As a result of local travel restrictions and limitations on time spent outside of our homes, many of us have recently grown to appreciate the beauty of nature more than ever before. Here, Gareth Smith reviews The Owl House by Daniel Butler, an informative and immersive documentation of the nature surrounding the author’s mid-Wales home.
Anyone appalled at the thought of having to read an entire book solely focusing on owls will be relieved to hear that Daniel Butler’s The Owl House, while delivering plenty of the titular birds of prey, is more varied and interesting than the pedestrian title suggests. Butler, a journalist who moved to an idyllic home in rural mid-Wales, documents an entire ecosystem in his account of the flora, fauna and fungi to be found among the Cambrian mountains.
Butler’s book recounts his experience with an array of Welsh wildlife since moving to an old farmhouse, Tan-Y-Cefn, several decades ago. He acknowledges his status as distinctly non-local, ‘an incomer rather than an outsider’, but luckily manages to avoid the excess of sentimentality that often accompanies descriptions of rural Wales. Despite this, some of the information provided at the beginning of the book generalises considerably. Welsh speakers in the South might be surprised to hear their area described as ‘anglophone’, while his insistence on describing Wales as ‘the Principality’ is irritating primarily because it is not accurate. Once Butler forgets nation and focuses on nature, however, it is difficult not to be infected by his obvious enthusiasm and knowledge.
The tone of The Owl House is very much that of a leisurely stroll with the author around his property as he notes and explains points of interest. The descriptions are informative without being overly technical, often invoking all five senses in order to encourage a fully immersive experience of the natural world. Butler covers plenty of ground across a relatively short book, incorporating discussions of falconry, forestry, mushroom collectors, bird migration and mining history. Some of the most interesting parts emerge from anecdotal digressions; the most bizarre and fascinating is reading that the army placed a red kite nest under twenty-four-hour guard due to the scourge of middle-aged egg collectors.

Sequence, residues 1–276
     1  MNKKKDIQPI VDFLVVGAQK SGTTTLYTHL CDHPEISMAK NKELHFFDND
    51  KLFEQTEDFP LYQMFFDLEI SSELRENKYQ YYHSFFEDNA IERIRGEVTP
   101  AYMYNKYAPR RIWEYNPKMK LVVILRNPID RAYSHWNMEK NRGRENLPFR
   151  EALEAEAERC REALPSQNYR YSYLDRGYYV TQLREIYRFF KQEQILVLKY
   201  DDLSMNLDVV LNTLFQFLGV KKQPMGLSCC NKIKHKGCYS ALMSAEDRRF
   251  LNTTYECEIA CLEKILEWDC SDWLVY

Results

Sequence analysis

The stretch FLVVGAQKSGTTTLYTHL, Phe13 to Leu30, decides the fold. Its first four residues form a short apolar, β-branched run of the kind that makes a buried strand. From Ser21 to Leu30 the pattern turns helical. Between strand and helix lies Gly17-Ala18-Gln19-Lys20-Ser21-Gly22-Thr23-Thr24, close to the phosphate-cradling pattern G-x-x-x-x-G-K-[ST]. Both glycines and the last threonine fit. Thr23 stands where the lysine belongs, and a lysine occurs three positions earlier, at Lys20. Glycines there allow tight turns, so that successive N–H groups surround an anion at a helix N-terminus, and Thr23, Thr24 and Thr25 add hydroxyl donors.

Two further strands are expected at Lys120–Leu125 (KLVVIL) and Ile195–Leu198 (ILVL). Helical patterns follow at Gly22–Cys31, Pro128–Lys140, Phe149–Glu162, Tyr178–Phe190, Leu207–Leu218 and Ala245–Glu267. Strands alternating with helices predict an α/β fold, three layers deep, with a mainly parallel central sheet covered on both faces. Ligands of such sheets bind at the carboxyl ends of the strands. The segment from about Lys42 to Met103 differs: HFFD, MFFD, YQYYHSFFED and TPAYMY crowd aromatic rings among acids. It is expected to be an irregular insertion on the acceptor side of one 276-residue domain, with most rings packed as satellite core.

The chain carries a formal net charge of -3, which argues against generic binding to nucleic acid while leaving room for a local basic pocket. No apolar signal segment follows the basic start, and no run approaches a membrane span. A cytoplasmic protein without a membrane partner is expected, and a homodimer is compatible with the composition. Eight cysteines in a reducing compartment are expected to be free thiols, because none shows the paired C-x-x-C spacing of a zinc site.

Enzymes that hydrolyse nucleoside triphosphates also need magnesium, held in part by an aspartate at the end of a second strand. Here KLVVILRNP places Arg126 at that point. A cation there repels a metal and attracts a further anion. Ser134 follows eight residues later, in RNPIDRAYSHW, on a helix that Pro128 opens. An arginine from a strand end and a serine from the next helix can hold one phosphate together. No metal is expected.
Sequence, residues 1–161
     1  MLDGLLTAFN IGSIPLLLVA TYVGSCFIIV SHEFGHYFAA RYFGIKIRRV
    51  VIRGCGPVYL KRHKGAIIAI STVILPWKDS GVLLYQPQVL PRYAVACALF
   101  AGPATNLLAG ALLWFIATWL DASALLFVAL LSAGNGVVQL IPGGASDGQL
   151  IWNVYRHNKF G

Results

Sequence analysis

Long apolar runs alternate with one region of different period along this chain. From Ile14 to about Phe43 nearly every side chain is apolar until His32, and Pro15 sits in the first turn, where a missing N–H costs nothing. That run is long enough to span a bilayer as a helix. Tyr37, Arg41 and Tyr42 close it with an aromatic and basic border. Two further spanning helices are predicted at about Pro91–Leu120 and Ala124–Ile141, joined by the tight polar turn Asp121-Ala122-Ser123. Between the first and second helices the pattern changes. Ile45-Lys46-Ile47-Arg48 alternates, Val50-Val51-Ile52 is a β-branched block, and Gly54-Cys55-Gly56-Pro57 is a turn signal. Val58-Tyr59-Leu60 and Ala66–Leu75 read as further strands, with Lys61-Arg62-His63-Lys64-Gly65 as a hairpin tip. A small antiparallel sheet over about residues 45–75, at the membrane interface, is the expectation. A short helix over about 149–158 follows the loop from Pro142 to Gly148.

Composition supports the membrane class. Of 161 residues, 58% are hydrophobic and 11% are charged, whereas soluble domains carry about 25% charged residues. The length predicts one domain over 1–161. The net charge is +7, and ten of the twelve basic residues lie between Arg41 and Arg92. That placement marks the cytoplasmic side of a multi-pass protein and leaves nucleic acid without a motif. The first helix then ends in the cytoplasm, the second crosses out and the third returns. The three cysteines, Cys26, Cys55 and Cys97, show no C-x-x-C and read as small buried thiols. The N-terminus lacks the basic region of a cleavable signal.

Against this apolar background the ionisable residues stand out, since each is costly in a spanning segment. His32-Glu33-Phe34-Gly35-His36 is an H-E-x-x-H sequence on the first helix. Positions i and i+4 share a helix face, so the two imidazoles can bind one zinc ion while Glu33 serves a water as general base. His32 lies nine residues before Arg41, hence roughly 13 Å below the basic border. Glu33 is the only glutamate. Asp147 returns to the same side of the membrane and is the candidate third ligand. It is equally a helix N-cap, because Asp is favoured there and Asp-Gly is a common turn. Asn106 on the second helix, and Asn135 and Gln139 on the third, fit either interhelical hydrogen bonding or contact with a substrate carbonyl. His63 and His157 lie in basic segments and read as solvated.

It is precisely Butler’s interest in placing nature within a historical and cultural context that provides The Owl House with its most engrossing moments. Whether discussing the role of owls in Welsh folklore or noting the shaping of the countryside by drovers, Butler is keen to continually emphasize the close relationship between humans and our environment. He frequently, and refreshingly, warns against romanticising nature and critiques the common narrative that places the Industrial Revolution as the beginning of human meddling in our ecosystem. He concludes with a focus on the hysteria which often accompanies ‘invader species’ stories, arguing instead that migration and diversity within nature are nothing new.
While it has become a cliché to suggest that books about the countryside are therapeutic during endless lockdowns, there is an element of truth to it in the case of The Owl House. Descriptions of expansive landscapes, tranquil lakes and sprawling woodland all have obvious appeal during a time when a stroll around nearby streets is as far as most of us can go. Reading about Butler’s rural, self-sufficient lifestyle and its accompanying picturesque views – without having to experience any of the strenuous effort required to live it – is an ideal (and lazy) antidote to another weekend spent on the sofa scrolling through Twitter.
Daniel Butler’s The Owl House is available now from Seren Books.
Gareth Smith is a regular Wales Arts Review contributor.